Fave Photo Of The Day: Liza Donnelly & Carolita Johnson

The maestro of Attempted Bloggery forwarded this photo from last night’s book event at Books Are Magic celebrating the publication of Liza Donnelly illustrated, Be The Person Your Dog Thinks You Are.  She was joined in conversation by New Yorker colleague, Carolita Johnson (on the left, with dog on lap). 

–My thanks to Stephen Nadler for the photo

_______________________________________________________

The Tilley Watch Online, The Week Of October 29 – November 2, 2018

A less Trumpian week on The Daily Cartoon (which isn’t to say it wasn’t political): The contributing New Yorker cartoonists were Bob Eckstein, Peter Kuper, Zach Kanin, Sophia Warren, and Brendan Loper.

And the contributing New Yorker cartoonists on Daily Shouts: Liana Finck, Hilary Fitzgerald Campbell (twice), Ali Fitzgerald, and Colin Stokes (the New Yorker‘s assistant cartoon editor) with Ellis Rosen.

See all the work above and more here.

Want New Yorker humor comin’ at you every day? Sign up to receive the New Yorker‘s Daily Humor Newsletter here.

 

 

The Tilley Watch: The New Yorker Issue Of October 29, 2018

It’s not a trick: this post about the October 29, 2018 New Yorker looks and feels and reads suspiciously like the Spill’s now defunct Monday Tilley Watch, but it’s not a Monday Tilley Watch…I think.

So often in the past 90+ years of The New Yorker ‘s existence, an issue dated October 29 (or 25, 26, 27, 28, 30, or 31) would bear a Halloween cover. Not this year, folks.  But who doesn’t like pastries.

Just for fun, here’s a cover submission of mine that combines pastries and Halloween — it was probably submitted, and definitely rejected, in the late 1980s or early 1990s:

 You’ll find more than twenty illustrations in this issue (not including the seven photographs accompanying the piece by Janet Malcolm). Four-and-a-half full pages are given over to illustration.  You’ll find ten cartoons. There’s a Halloween cartoon (by a modern Spill fave cartoonist, Seth Fleishman) squeezed in at the top of page 32.

If you’re a leaf-peeper, or just like leaves in general, you’re sure to fall for Joe Dator’s brilliant desert island drawing (on page 41). There have been, of course, other brilliant New Yorker cartoons in the not-so-distant past; two that I can’t resist mentioning whenever I have the chance:  Bob Eckstein’s 3-D Thanksgiving drawing and Robert Leighton’s Escher drawing. If you link to C-Span’s coverage of the recent Milford Readers & Writers Festival you’ll see a few more candidates by panelists, Christopher Weyant and David Borchart. This current drawing by Mr. Dator sits squarely in the Charles Addams branch of New Yorker cartooning (a branch notably climbed by P.C. Vey, Gahan Wilson, Zach Kanin…and Ed Steed, sort of). I would go as far as suggesting that if Mr. Addams was still with us, the magazine would’ve wanted to purchase Mr. Dator’s idea to hand over to Mr. Addams to execute. Yes, pun intended.  (Here’s a Spill piece about the magazine’s history of buying ideas).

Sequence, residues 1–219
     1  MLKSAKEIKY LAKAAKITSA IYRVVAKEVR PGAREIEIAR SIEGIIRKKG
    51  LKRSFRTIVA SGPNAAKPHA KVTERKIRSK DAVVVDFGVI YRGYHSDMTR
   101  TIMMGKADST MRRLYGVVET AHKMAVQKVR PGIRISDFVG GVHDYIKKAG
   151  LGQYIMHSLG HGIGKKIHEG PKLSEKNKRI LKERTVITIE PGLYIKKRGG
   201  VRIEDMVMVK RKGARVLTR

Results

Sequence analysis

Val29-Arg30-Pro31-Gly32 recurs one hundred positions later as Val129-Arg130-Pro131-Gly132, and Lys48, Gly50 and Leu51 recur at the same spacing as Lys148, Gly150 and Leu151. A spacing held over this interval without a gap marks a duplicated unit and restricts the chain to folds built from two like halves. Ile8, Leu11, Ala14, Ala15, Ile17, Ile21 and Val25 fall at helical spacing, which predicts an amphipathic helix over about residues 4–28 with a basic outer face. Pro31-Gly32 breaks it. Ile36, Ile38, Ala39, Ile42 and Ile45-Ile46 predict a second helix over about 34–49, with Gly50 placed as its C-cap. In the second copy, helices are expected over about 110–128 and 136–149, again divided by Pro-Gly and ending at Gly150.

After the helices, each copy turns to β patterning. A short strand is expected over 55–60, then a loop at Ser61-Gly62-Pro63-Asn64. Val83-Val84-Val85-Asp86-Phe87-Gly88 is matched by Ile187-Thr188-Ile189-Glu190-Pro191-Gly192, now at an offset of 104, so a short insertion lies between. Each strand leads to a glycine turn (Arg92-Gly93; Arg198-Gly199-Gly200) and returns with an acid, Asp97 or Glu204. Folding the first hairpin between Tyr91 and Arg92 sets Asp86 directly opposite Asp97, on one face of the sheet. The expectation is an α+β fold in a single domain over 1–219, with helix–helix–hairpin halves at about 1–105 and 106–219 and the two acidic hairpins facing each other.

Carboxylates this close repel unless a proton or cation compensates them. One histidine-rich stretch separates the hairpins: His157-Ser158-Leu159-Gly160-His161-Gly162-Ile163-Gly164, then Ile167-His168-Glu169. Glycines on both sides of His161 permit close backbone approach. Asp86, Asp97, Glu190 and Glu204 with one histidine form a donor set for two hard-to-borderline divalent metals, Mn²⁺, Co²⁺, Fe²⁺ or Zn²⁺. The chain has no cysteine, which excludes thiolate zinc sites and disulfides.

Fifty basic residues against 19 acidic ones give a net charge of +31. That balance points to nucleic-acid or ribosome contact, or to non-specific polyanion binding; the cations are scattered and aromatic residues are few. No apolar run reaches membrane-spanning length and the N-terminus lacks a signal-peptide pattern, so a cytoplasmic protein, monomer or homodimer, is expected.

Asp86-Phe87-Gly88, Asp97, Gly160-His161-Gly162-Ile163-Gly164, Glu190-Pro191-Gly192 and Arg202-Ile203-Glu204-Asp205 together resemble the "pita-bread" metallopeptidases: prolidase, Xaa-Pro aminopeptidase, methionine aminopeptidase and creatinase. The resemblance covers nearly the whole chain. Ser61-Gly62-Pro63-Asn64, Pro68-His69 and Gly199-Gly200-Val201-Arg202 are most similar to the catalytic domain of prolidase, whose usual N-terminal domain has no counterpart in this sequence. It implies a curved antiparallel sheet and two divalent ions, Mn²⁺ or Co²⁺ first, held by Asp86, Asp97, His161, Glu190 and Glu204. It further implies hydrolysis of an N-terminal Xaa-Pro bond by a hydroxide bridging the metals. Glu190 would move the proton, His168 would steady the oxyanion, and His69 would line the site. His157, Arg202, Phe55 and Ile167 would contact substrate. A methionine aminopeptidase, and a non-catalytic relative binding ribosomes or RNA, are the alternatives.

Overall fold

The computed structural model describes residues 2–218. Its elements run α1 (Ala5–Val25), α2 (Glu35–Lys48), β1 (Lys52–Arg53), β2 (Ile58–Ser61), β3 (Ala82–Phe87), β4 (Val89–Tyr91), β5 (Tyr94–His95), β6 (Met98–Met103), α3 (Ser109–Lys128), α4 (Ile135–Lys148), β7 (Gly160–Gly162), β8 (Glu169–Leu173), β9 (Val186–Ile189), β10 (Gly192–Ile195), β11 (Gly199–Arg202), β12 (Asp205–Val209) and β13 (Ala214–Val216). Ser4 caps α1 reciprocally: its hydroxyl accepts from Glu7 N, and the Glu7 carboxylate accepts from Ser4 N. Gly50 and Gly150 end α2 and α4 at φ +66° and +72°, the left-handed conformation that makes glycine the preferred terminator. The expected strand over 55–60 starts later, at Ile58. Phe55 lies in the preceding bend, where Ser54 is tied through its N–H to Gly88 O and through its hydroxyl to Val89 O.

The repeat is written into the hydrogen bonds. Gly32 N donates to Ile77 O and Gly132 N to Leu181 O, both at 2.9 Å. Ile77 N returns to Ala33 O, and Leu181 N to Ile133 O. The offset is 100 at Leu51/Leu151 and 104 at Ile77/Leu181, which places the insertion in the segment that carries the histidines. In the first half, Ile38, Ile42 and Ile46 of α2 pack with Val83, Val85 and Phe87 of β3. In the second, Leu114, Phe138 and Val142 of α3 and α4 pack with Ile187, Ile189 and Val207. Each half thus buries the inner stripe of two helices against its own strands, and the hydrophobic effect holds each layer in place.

For the record (your honor), here are the ten cartoonists in the issue:

 

— Finally, still in the Halloween spirit, here’s a Boo!

Below: the missing Rea Irvin iconic Talk masthead switched out for a re-drawn version early last year. Read about that here:

 

 

 

 

 

The Monday Tilley Watch, The New Yorker Issue Of September 24, 2018

The Cover:

Adriane Tomine returns with a cover steeped in dreams. Read about it here. The cover appears related, in color palette and style, to last week’s cover, by Chris Ware. They even share a large circular object hovering along the right side of the frame  (Mr. Ware’s is a tree, Mr. Tomine’s a logo).

The Cartoons:

Two pieces of good news. There are 18 cartoons in the issue. We haven’t seen this many in an issue since May 14th, when there were 19. Perhaps the surge to 18 is a result of this being the “Entertainment Issue” –or maybe it’s just one of those things.

The other piece of good news is that many of the cartoons — more so than in any issue in recent memory —  are given a lot of breathing room on the page. P.C. Vey’s cartoon is a good example, as is Zach Kanin’s, Seth Fleishman’s, Tom Chitty’s, and Barbara Smaller’s. Most of the other cartoons also seem to occupy more space than has been the case; just a few seem squeezed in.

If the Spill was in the business of handing out blue ribbons like they do over on the Cartoon Companion, one would be pinned on Bruce Eric Kaplan’s drawing (p. 61). Also of note: Lars Kenseth’s log flume ride drawing (p.78).

Update:  Sadly, Rea Irvin’s classic masthead (below) is still in mothballs.  Read about it here.